Team Compsys

Overall Objectives
Scientific Foundations
Application Domains
New Results
Contracts and Grants with Industry
Other Grants and Activities

Section: New Results

Program termination and worst-case computational complexity

Participants : Christophe Alias, Laure Gonnord [ Former ATER in Compsys, now MCF Lille ] , Paul Feautrier, Alain Darte.

Our current work on program termination arose when trying to transform while loops into do loops (i.e., loops with a bounded number of iterations) so that HLS tools can accept them. Some HLS tools indeed need this information either for unrolling loops, for pipelining them, or for scheduling, at a higher-level, several pipelined designs including loops. Determining the maximal number of iterations of a while loop is a particular case of determining the worst-case computational complexity (WCCC) of a function or subroutine, which is, briefly speaking, an upper-bound on the number of elementary computations that it performs. It is an abstract and architecture-independent view of the well-known worst-case execution time (WCET). Knowledge of WCET is a key information for embedded systems, as it allows the construction of a schedule and the verification that real-time constraints are met. The WCCC and WCET problems are obviously connected to the termination problem: a piece of code that does not terminate has no WCCC and no WCET.

The standard method for proving the termination of a flowchart program is to exhibit a ranking function  [21] , i.e., a function from the program states to a well-founded set, which strictly decreases at each program step. A standard method to automatically generate such a function is to compute invariants )approximation of all possible values of program variables) for each program point and to search for a ranking in a restricted class of functions that can be handled with linear programming techniques. Previous algorithms based on affine rankings either are applicable only to simple loops (i.e., single-node flowcharts) and rely on enumeration, or are not complete in the sense that they are not guaranteed to find a ranking in the class of functions they consider, if one exists.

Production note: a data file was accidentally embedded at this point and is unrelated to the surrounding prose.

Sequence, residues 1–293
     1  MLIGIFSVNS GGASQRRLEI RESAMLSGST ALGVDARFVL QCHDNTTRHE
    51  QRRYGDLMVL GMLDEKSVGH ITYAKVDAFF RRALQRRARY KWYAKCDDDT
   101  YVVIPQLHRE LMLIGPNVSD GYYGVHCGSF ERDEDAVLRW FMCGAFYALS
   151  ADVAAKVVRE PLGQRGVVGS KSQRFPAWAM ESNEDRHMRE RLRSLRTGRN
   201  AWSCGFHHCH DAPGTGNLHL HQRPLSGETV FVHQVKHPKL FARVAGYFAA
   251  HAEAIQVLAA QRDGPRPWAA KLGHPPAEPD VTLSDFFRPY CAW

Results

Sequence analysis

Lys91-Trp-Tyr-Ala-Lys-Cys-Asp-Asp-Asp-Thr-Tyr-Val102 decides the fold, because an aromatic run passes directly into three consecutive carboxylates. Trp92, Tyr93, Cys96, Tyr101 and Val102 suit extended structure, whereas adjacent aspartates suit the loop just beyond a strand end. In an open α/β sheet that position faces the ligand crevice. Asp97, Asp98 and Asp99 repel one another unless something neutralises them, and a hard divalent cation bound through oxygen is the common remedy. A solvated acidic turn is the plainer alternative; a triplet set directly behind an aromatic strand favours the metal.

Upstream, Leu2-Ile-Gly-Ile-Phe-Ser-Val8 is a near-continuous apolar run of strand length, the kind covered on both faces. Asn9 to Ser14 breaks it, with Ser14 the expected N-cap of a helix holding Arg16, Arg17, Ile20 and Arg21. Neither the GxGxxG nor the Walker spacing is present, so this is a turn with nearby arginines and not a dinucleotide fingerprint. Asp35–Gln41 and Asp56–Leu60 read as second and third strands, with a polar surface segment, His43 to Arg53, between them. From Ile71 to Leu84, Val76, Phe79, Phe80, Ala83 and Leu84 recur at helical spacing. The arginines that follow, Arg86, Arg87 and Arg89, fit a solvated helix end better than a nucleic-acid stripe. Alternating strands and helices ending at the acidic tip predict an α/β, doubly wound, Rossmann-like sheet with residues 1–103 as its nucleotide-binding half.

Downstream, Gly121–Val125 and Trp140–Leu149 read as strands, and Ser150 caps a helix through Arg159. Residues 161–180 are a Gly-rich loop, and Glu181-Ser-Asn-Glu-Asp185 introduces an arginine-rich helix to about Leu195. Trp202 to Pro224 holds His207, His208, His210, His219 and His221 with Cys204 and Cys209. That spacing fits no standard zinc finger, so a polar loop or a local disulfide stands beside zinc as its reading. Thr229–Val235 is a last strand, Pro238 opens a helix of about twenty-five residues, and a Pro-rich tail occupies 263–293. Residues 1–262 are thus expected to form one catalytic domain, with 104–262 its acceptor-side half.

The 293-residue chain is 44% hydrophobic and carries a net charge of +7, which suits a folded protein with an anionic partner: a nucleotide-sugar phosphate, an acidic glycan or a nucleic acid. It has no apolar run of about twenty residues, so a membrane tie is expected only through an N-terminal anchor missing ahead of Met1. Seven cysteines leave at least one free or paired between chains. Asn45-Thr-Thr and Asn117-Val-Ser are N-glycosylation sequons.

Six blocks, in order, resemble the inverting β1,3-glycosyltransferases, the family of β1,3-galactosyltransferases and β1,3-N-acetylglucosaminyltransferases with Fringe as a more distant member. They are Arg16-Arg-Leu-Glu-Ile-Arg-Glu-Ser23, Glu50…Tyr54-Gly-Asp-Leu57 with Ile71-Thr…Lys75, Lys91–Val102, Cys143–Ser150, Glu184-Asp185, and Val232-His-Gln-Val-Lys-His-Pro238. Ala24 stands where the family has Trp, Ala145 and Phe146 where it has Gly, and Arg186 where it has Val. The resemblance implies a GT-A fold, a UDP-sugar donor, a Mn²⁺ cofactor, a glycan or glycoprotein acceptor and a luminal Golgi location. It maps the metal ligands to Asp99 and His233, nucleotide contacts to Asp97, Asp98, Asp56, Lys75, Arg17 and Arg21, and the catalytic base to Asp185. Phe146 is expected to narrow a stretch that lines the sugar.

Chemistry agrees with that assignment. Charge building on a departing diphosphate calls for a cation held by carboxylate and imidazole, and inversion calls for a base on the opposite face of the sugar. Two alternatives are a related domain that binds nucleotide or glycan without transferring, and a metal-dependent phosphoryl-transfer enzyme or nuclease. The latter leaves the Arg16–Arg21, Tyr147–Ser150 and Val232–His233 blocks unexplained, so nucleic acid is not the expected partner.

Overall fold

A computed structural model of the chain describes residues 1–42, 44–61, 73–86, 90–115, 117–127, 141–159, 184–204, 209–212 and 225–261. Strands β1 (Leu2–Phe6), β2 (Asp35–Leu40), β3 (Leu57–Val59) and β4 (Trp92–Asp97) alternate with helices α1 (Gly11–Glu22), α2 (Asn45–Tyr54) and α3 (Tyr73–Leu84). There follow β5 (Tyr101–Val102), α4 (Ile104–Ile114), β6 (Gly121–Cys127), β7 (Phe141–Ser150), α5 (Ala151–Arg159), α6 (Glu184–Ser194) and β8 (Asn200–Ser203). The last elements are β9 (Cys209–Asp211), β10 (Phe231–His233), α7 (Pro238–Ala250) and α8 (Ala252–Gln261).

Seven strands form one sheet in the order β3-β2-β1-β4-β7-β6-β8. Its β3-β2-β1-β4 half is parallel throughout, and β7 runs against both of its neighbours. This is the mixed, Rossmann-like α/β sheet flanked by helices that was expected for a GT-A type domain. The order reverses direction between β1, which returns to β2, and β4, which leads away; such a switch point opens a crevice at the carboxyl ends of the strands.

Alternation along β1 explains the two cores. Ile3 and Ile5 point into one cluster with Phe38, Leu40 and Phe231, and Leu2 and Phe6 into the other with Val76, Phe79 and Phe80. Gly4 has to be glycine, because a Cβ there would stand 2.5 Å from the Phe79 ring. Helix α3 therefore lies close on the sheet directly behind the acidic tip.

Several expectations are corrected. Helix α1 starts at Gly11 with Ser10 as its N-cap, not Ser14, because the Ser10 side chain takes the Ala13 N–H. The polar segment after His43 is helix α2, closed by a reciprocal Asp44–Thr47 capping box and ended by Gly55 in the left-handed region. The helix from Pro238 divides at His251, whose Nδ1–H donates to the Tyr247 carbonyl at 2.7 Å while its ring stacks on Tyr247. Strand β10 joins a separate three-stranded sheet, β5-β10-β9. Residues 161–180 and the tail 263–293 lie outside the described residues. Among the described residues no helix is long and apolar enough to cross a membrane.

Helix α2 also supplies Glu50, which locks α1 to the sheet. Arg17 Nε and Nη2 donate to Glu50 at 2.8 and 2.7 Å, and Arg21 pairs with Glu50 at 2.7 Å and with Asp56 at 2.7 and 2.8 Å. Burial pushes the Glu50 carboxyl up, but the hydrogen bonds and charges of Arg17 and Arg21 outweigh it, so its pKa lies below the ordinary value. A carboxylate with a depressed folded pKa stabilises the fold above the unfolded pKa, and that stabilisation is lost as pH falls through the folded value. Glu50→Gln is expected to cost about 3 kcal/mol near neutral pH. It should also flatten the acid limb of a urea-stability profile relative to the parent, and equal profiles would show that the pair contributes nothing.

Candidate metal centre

Our first contribution is to propose an efficient algorithm to compute ranking functions, reinvesting most of the techniques from  [20] to schedule static loops. It can handle flowcharts of arbitrary structure, the class of candidate rankings it explores is larger, and our method, although greedy, is provably complete. We have built a complete software suite which first uses the c2fsm tool to convert the C source into a counter automaton. The Aspic tool is then responsible for computing invariants as polyhedral approximations. Finally, they are given to RanK which constructs a ranking (if any) using Pip. Thanks to this toolchain, our method is able to handle every program whose control can be translated into a counter automaton. This roughly covers programs whose control depends on integer variables exclusively, using conditionals, do loops and while loops whose tests are affine expressions on variables. Furthermore, it is easy to approximate programs which are outside this class by familiar techniques, like ignoring non-affine tests or variables with too complex a behavior. Termination of the approximate program entails termination of the original program, but the converse is not true.

Our second contribution is to show how to use the ranking functions we generate to get upper bounds for the computational complexity (number of transitions) of the source program, again for flowcharts of arbitrary structure. This estimate is a polynomial, which means that we can handle programs with more than linear complexity. RanK computes the WCCC using the Ehrhart polynomial module of the Polylib.

This method can be extended in several interesting directions:


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